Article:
By Ruben Geert van den Berg on April 10, 2013 under
Why Use Syntax?.
SPSS Syntax – Six Reasons you Should Use it
Most of us start working with SPSS from its point-click menu. Doing so without pasting and saving all syntax may seem obvious at first but often turns out to be a pitfall. Using SPSS syntax may seem a bit difficult at first but often turns out to save tons of time and effort in the end. This tutorial explains why.
1. Syntax is Ideal Project Documentation
You delivered a report to your client. After a week (or a month or even a year) he calls you and complains that the results just can't be correct
. Suppose you did all your data editing and analyses from syntax
(and saved it). Now you can easily walk through the exact steps you took in the exact correct order and inspect intermediate results extra carefully. If you're really confident about the quality of your work and the data you can even hand over your syntax to your client. The bottom line is that you can retrieve exactly what you did
2. Syntax can be Corrected
Suppose you did a lot of data editing and analyses and you discover some mistake. Perhaps you suddenly realize you forgot to specify some missing values or remove some weird observations from your data. Or maybe your client changes his mind and decides he'd like to see all results for male and female respondents separately. Such cases can often be solved by just adding or modifying a few lines in your syntax and simply rerunning the whole bunch.
3. Syntax can be Recycled
If you're working on a project that has similarities to other projects, chances are you can copy-paste-edit syntax from one to the other. Especially for yearly or quarterly surveys this can be a huge time saver and may enhance the consistency and quality of your work as well. You may also develop your own routines that you'll run over (many) different data sources.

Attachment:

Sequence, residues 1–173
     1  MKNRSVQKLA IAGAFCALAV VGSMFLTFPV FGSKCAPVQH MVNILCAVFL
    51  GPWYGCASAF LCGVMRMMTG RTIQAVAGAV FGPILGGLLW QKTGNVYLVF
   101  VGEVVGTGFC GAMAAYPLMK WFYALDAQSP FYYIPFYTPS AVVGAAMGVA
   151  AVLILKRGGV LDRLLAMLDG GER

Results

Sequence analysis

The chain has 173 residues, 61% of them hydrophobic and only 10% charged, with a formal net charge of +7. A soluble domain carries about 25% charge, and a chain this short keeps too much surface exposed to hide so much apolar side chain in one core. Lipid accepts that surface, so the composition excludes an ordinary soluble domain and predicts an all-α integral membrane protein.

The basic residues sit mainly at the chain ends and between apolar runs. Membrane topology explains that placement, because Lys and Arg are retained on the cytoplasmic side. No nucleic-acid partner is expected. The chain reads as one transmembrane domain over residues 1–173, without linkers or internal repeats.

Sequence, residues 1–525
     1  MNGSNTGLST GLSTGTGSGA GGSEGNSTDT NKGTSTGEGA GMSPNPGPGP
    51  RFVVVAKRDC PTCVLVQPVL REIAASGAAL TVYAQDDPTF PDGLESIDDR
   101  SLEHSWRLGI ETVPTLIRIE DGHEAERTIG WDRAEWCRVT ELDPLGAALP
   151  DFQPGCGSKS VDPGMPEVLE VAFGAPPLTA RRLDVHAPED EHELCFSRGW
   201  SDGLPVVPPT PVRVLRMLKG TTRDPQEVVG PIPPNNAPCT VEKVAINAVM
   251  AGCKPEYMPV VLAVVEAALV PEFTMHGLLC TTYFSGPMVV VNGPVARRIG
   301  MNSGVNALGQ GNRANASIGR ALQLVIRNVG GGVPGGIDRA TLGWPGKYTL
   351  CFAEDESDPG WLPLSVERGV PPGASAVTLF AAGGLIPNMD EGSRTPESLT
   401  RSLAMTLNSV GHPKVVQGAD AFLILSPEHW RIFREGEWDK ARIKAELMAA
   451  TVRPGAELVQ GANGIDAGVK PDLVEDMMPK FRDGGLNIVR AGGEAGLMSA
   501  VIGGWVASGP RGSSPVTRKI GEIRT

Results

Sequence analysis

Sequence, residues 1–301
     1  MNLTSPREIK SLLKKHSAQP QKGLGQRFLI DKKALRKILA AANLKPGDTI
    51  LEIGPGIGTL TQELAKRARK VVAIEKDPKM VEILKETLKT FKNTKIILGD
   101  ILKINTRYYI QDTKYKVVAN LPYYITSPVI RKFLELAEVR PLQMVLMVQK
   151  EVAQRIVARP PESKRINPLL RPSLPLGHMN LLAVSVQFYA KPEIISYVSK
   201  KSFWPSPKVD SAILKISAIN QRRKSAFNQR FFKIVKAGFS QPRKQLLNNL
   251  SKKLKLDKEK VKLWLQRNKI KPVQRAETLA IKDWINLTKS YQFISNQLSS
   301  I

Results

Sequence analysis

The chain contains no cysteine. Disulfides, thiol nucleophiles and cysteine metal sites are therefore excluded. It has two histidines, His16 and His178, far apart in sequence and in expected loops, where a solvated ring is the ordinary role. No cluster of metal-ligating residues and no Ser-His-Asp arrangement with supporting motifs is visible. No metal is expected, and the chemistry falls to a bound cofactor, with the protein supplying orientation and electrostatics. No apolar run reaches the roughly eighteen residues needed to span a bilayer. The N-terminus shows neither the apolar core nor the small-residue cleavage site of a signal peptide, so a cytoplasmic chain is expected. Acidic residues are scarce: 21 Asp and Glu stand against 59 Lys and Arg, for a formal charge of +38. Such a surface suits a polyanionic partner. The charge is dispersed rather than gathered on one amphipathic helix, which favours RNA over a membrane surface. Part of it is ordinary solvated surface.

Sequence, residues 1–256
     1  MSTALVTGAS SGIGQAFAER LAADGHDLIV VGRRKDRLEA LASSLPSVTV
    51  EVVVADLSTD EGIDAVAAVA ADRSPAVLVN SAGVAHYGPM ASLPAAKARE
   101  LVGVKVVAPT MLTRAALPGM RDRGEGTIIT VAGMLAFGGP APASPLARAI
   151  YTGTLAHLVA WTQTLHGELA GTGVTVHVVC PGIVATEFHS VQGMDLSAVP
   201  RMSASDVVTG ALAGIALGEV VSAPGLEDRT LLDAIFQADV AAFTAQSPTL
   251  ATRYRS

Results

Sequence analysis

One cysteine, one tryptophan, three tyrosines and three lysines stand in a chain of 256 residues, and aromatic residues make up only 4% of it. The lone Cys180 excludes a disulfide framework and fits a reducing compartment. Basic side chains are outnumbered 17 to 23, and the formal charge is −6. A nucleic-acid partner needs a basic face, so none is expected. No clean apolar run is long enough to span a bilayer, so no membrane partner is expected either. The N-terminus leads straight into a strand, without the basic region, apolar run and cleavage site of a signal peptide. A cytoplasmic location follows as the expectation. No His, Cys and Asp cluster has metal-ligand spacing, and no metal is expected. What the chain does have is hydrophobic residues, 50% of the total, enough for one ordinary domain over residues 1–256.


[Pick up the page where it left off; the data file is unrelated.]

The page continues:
An entirely different example of 'recyclable' syntax are SPSS help forums. Here, experienced users will often happily write some syntax for you if you describe clearly what you'd like to accomplish.
4. Syntax Gets Things Done Fast
Larger or more complex projects may require vast amounts of syntax. Such syntax often has a clear structure. For instance, some task(s) should be repeated a little differently for each variable(s). In such cases, copying-pasting-editing syntax is way faster and more reliable than wasting a day clicking through menu options. However, the real way to tackle such situations is having Python
generate and run the syntax for you.
5. Typing Syntax Saves Time
Changing Value Labels in SPSS - the Wrong Way
A lot of tasks are accomplished fastest
by just typing their syntax in a short form (see SPSS Syntax Shortening
). This goes especially for many dictionary
modifications such as value labels
. However, this doesn't hold for all
commands and may require some practice. Nevertheless, it is by far the preferred way of working for experienced users.
6. Syntax has More Options
This holds especially for transformations
such as DO REPEAT
. Interestingly, these commands are very easy to learn and typically save substantial time and effort while reducing typos. Apart from transformations, some procedures
are also not available from the menu, for example
Using SPSS keywords, especially TO and ALL greatly speeds up a myriad of typical tasks. This tutorial walks you through SPSS main keywords and points out how they can save time and effort. Read more
Some users argue that it's not really necessary to work from syntax. If something goes wrong or a client doesn't believe your results, you can always recover what you did from your journal file. However, the journal file is no reasonable substitute for syntax. This tutorial explains why. Read more